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Fluffy carbonara frittata is a riff on the classic pasta

UPDATED: Tue., April 20, 2021

By G. Daniela Galarza Washington Post

Years ago, a friend and I got into a months-long back-and-forth about carbonara. The pasta dish of cheese and pork, creamy with eggs and silky with starchy pasta water, is one of Rome’s most revered exports. There are maybe hundreds of ways to make it and lots of little rules, and my friend and I probably tried them all.

Sometimes, we’d cook together arguing over whether the pasta water was salty enough or the cheese was grated finely enough. Sometimes, we would cook it in our separate kitchens, texting updates and photos as we went along, comparing hits and misses.

I loved these sessions and how my friend, who’d had many more versions of carbonara in Italy and beyond, added little insights to my general cooking knowledge that got me thinking about pasta, Italian cooking theory and even life in different ways. At some point, I think, we settled on a formula we agreed was “our best.”

But what I realized after we’d come up with our (personal!) winning recipe was that what I like most about carbonara is that it’s endlessly adaptable. Some will say, of course, that if it contains anything besides pasta, pancetta, cheese, eggs, salt and pepper, it’s not carbonara. If that’s you, consider joining this support group.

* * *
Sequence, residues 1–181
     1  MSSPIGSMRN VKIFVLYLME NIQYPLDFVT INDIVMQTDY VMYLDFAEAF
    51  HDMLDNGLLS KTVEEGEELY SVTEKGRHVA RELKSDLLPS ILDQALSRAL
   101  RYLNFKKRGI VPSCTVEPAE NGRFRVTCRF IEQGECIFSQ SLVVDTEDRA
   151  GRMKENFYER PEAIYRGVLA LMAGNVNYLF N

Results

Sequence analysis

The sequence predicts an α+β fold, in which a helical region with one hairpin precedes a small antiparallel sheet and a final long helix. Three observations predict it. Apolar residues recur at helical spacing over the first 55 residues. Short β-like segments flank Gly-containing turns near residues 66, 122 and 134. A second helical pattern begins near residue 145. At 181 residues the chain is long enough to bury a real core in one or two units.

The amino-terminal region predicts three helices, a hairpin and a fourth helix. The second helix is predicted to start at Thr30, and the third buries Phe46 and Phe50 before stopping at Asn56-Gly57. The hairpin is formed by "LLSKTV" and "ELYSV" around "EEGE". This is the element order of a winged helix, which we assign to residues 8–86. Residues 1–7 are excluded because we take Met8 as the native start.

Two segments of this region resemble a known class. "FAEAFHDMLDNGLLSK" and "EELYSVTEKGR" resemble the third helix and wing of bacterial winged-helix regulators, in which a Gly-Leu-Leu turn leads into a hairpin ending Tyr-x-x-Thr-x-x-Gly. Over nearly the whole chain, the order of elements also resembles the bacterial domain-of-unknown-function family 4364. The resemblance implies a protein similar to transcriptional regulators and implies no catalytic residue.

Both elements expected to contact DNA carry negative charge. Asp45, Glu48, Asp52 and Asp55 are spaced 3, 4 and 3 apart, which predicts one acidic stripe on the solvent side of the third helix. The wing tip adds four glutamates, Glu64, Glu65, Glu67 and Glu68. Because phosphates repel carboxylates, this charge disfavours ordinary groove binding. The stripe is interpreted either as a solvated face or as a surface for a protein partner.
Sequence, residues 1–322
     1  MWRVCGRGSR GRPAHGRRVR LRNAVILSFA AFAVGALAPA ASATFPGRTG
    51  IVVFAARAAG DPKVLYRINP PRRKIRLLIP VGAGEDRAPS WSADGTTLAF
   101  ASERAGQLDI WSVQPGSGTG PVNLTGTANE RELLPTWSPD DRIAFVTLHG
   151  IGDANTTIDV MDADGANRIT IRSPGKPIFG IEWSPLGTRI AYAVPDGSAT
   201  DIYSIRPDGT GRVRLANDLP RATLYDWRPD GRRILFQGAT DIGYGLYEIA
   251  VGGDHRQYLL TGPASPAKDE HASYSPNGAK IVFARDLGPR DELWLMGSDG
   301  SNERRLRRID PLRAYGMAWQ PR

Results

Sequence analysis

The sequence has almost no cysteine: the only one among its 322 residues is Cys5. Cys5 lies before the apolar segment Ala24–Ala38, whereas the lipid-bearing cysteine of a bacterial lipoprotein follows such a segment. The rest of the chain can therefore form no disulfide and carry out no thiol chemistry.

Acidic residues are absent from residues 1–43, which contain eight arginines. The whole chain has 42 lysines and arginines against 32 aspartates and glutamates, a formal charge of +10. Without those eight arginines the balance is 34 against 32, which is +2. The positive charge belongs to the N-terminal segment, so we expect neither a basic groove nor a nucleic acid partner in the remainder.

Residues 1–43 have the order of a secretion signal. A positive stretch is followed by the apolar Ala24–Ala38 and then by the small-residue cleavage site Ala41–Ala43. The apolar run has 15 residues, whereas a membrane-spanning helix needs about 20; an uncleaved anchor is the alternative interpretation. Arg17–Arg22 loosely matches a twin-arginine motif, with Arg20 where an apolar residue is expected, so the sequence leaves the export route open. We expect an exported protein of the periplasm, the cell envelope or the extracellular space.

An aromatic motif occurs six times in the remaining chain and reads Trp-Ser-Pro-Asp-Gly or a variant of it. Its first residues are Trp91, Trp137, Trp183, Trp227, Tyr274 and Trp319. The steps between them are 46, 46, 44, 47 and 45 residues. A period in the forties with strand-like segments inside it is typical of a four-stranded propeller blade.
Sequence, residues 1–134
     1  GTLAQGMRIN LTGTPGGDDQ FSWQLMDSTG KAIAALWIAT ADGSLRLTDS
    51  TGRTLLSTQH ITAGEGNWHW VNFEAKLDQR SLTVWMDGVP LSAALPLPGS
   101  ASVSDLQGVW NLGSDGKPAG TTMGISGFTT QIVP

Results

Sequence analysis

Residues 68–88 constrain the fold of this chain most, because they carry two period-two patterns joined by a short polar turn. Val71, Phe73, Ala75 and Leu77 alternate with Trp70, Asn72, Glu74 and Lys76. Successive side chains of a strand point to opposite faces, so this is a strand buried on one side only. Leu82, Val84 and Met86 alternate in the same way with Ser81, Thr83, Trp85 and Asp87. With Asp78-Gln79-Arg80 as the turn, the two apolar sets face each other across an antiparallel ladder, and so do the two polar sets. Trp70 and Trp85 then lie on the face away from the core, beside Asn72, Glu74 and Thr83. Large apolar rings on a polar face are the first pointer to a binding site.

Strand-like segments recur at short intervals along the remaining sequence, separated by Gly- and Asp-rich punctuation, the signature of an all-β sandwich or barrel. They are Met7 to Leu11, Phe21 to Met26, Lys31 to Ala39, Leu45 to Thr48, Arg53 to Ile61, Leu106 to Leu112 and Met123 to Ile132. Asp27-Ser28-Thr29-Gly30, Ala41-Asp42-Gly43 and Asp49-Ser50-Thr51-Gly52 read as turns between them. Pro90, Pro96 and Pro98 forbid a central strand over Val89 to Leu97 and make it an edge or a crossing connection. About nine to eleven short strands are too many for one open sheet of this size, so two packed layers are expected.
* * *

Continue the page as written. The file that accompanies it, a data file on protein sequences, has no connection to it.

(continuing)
One weekend, after I’d slept in and forgot to have anything meaningful to eat all day, I was craving something like carbonara but wanted to go heavier on the protein. Thus, frittata carbonara. It can certainly be brunch or lunch, but with a side of roasted asparagus drizzled with balsamic vinegar, why not make it dinner tonight?

Frittata Carbonara With Balsamic Asparagus

12 ounces (15 to 25 stalks) asparagus, woody ends trimmed off

2 teaspoons olive oil

¼ teaspoon kosher salt, or more as needed

4 slices (about 7 ounces) thick-cut bacon, cut into ½-inch strips

8 large eggs

½ cup heavy cream

¼ teaspoon coarsely ground black pepper, plus more as needed

5 ounces Parmesan cheese, grated or shredded, plus more for garnish, if desired

1 tablespoon balsamic vinegar

Position the racks in the lower third and middle of the oven and preheat to 400 degrees. Spread the asparagus on a large, rimmed baking sheet, drizzle with the olive oil and sprinkle with a pinch of salt. Using tongs, toss until coated.

In an 8- to 10-inch-wide ovenproof, preferably nonstick skillet over medium to medium-high heat, cook the bacon, using a wooden spoon or spatula to move it around so it cooks evenly, until it renders its fat and just starts to crisp around the edges, 8 to 10 minutes. Remove from the heat, but leave the bacon in the pan.

In a large bowl, whisk together the eggs, cream, ¼ teaspoon of salt and the pepper until smooth. Stir in the Parmesan and add the bacon, leaving the remaining bacon grease in the pan. Add the egg mixture back into the pan and cook over medium heat until the frittata starts to set around the edges, about 5 minutes.

Bake the frittata and the asparagus at the same time. Transfer the skillet to the center rack of the oven and bake for 10 to 12 minutes, or until the frittata is puffed and fully set. Place the asparagus on the lower rack in the oven and roast for 10 to 12 minutes, or until bright green and tender. Remove the asparagus from the oven, drizzle with the balsamic vinegar and toss to coat.

Slide or flip the frittata onto a plate, garnish with Parmesan and more cracked black pepper, if desired, slice and serve with the balsamic asparagus.

Yield: 4 to 6 servings

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